- Build complete industrial robotic systems directly from LabVIEW
- Integrate measurements and vision into robotic systems
- Easily develop vision-guided robotic applications
- No need to learn specialized robotic software
Because they can speed up production and lower labor costs, industrial robots are common in high-volume production environments that require fixed, repetitive actions such as those found in CNC and welding machine applications. In these applications, a robot’s movements do not change; they "blindly" cut metal or weld parts at the same locations over and over again.
Today robots are expanding into new types of part handling and pick-and-place applications that require flexible, precision, and delicate part handling. In what was once the domain of in-house experts, industrial robots have matured to the point where they can be programmed by domain experts in test, research, and automation.
These new types of applications cannot be addressed with the fixed, repetitive motions common in large-scale production environments because of the following reasons:
- Flexible manufacturing environments require robots to adjust to new components and procedures every time production changes to a new part.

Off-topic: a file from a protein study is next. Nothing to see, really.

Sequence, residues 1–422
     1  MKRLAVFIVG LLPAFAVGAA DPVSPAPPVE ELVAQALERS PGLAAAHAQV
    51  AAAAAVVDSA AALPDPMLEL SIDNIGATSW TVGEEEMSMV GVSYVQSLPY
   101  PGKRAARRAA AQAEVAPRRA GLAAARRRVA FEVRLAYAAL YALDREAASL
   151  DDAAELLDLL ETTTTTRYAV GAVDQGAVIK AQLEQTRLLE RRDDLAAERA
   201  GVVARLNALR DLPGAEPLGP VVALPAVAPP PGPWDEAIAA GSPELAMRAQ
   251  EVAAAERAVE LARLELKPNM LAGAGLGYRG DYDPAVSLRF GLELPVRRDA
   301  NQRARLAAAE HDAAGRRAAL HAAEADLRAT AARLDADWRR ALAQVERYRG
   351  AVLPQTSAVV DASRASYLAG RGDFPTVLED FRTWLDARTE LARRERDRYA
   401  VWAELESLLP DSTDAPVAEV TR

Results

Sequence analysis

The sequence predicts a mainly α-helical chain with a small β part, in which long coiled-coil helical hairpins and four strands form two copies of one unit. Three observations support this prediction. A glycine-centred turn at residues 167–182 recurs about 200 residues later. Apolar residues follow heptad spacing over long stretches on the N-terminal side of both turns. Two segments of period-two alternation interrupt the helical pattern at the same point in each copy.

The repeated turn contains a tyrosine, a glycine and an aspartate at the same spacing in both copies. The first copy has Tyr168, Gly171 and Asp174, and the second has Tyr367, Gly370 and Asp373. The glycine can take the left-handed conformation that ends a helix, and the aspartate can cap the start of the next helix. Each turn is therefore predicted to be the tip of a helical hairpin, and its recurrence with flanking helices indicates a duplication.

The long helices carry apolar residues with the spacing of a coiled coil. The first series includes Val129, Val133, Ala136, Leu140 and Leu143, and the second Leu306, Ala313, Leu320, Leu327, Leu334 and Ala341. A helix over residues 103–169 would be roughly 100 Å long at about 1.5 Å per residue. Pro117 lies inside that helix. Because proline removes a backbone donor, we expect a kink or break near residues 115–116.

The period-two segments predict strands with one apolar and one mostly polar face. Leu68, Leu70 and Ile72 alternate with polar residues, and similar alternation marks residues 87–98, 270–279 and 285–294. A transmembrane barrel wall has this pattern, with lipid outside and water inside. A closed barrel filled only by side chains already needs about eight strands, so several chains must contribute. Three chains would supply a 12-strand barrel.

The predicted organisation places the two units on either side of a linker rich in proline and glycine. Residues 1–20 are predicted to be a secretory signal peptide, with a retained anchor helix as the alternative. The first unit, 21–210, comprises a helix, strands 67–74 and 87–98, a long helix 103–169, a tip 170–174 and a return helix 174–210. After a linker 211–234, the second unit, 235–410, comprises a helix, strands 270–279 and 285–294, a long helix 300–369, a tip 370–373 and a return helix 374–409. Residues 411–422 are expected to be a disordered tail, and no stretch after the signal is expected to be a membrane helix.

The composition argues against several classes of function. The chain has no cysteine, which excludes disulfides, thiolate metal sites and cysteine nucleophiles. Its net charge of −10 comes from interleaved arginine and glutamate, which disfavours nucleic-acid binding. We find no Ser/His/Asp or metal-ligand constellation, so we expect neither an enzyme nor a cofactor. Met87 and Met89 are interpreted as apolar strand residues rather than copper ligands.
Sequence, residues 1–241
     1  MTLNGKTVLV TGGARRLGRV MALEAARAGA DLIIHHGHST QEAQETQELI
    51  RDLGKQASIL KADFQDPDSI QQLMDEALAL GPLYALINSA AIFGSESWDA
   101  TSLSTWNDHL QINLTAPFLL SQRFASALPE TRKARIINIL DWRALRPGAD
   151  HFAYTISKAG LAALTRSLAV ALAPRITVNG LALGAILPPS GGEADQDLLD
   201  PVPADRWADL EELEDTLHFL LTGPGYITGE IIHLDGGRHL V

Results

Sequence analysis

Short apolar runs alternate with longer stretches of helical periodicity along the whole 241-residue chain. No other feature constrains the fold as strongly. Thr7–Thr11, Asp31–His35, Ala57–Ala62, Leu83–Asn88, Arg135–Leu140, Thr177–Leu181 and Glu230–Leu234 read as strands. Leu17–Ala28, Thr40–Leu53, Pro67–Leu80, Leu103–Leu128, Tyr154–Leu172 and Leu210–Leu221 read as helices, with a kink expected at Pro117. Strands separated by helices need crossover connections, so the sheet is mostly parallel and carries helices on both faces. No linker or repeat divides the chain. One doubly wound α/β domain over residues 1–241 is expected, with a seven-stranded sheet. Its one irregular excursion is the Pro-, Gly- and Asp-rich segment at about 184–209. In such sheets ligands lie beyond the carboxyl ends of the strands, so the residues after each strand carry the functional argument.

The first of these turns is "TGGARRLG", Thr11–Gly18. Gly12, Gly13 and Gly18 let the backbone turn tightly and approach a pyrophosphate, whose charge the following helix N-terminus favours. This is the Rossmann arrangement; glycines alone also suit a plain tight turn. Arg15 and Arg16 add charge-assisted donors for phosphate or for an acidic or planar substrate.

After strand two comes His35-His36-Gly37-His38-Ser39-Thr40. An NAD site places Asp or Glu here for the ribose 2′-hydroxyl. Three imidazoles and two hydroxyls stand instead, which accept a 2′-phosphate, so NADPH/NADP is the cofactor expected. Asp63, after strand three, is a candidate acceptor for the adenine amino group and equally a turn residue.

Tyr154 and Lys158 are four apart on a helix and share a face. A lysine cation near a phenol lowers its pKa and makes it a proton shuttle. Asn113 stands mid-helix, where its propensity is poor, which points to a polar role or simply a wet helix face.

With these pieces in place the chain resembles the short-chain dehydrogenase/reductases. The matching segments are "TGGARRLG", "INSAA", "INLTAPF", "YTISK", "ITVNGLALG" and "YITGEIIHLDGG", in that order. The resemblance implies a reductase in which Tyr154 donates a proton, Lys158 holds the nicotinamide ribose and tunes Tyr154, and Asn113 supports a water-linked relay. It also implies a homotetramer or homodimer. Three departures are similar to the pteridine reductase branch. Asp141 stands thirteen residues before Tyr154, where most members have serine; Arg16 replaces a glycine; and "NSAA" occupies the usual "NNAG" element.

- Precision assembly requires robots to locate, handle, and place tiny components in the correct location.
- Delicate part handling requires robots to locate and meticulously handle items so they are not damaged or tainted.
In other words, these applications need smarter robots that can interact with their environments through measurements and vision. The NI LabVIEW graphical system design platform is enabling new applications for industrial robots by integrating measurements, vision, robot control, and human machine interfaces (HMIs) into one, easy-to-use environment. With LabVIEW, you can make your robotic system smarter without the need for complex robotics programming expertise. For example, NIRo, a demonstration platform built by engineers at National Instruments, is a small unmanned ground vehicle that uses off-the-shelf components purchased from a local hobby store. The control system is implemented on an NI Single-Board RIO embedded platform that includes an integrated field-programmable gate array (FPGA) and real-time processor.